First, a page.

Thing Bounces Back

Author: Robin Candy
Publisher: Gremlin
Machine: Spectrum 48K

Published in Crash #42

Thing Bounces Back

Fresh from his Sizzling exploits against the evil toy goblin and his nasty toys, Thing On A Spring (the alternative page margin hero from ZZAP!) sproings back (but for the first time on the Spectrum!) for some new adventures in toyland.

He finds himself in an industrial complex composed of 11 separate scrolling areas, connected by a system of wide and tangled ventilation shafts; through these our heroic coil tumbles. In the piping his somersaulting progress is blocked by minions, but Thing can turn at functions and reverse direction.

He can also collect points by touching Crowns stuck in the pipes.

Thing Bounces Back

Some pipes end in exits which hurl him into one of the toy factory's zones; there he finds more varied surroundings, a chaotic multilevel layout of slides, automatic bounce pads, unidirectional conveyor belts, elevating blowers, debilitating lasers, crumbling platforms and descending doors which block or trap him.

An unwary Thing is easily trapped and with no escape he has to quit the screen - which returns him to the ventilation shafts. Narrow gauge pipes snake through the factory; falling into one, Thing is taken uncontrollably to another part of that playing area.

Emerging from the pipe he must quickly move to one side to avoid slipping back into the funnel's gaping mouth.

But what of the Great Mission? To stem the flow of evil playthings, the bonce with a bounce must gather computer components: a tape, a disk, listing paper and ROM. Once they're found he can exit one playing area and progress to another.

Needless to say a horde of evil toys, still on the departed goblin' s pension scheme, do their best to push Thing from platforms and girders and back into the narrow pipes. Encounters with them reduce springboy's limited liquid engineering; the oil level is indicated onscreen by a descending propeller.

When lubrication is dangerously low, it's time to find an exit and return to the ventilation shafts where collectable oil cans exist. A total oil-out loses Thing one of his lives.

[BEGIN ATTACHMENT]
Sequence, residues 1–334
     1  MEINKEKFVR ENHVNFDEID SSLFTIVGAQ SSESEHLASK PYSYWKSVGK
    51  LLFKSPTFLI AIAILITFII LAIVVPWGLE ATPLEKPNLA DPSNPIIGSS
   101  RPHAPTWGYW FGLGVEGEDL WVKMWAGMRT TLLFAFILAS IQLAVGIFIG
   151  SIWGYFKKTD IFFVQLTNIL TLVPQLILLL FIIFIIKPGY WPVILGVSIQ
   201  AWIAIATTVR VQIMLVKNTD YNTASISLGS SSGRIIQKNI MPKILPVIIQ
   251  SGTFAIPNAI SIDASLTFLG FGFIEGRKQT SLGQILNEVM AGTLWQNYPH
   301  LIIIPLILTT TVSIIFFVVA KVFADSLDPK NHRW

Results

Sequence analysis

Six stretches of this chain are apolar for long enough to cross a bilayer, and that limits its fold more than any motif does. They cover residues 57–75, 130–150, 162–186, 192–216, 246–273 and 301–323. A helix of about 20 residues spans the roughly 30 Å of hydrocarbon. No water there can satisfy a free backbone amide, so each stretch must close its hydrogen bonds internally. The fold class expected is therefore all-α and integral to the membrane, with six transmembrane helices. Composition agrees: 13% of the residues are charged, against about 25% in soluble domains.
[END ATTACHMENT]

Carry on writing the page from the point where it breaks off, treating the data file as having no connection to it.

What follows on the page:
Bonuses can be collected by striking red mystery platforms on their undersides. They evaporate, and some reveal extra points, but others give a headache as a heavy weight clonks down on Thing's cranium.


Control keys: Z/X left/right, O/K up/down, zero to fire
Joystick: Kempston, Interface 2
Use of colour: all colours used very sensibly
Graphics: plenty of variety in the smallish sprites, fast and smooth scrolling
Sound: average spot FX, but nice title tune
Skill levels: one
Screens: 11 scrolling play areas, each 12 screens large, plus a pipe maze


'My biggest gripe is that the Thing Bounces Back instructions tell you nothing about playing the game, so ft's a bit daunting at first. But once the controls are mastered Thing turns out to be playable, with fast and furious action. The scrolling is excellent, and isn 't done at the expense of the graphics which are colourful and reasonably detailed. Though essentially a platform game, Thing packs enough punch to keep the player enthralled.'


'This has a fast and furious pace, and the play area hurtles round the screen at breakneck speeds. I doubt if there 's anyone out there who won't be addicted to this attractive game. Presentation Is superb - a pleasant ditty and a revealing little demo. I love the subscreen of ventilation shafts which Thing sproings about with the greatest of vigour, and all the screens are appealing to the eye - loads of colour and varied and detailed graphics, giving Thing Bounces Back a very realistic feel.'


'Never having played the original Commodore Thing On A Spring, I wasn't sure what to expect. What I found was a game of a high standard both graphically and sonically. Thing and all the toys are nicely animated, and I like the boppy little tune on the title screen. But Thing Bounces Back lacks a bit In gameplay because it's so difficult, and soon becomes boring. A game to keep for a rainy Sunday.'

Robin CandyPaul SumnerMark Rothwell

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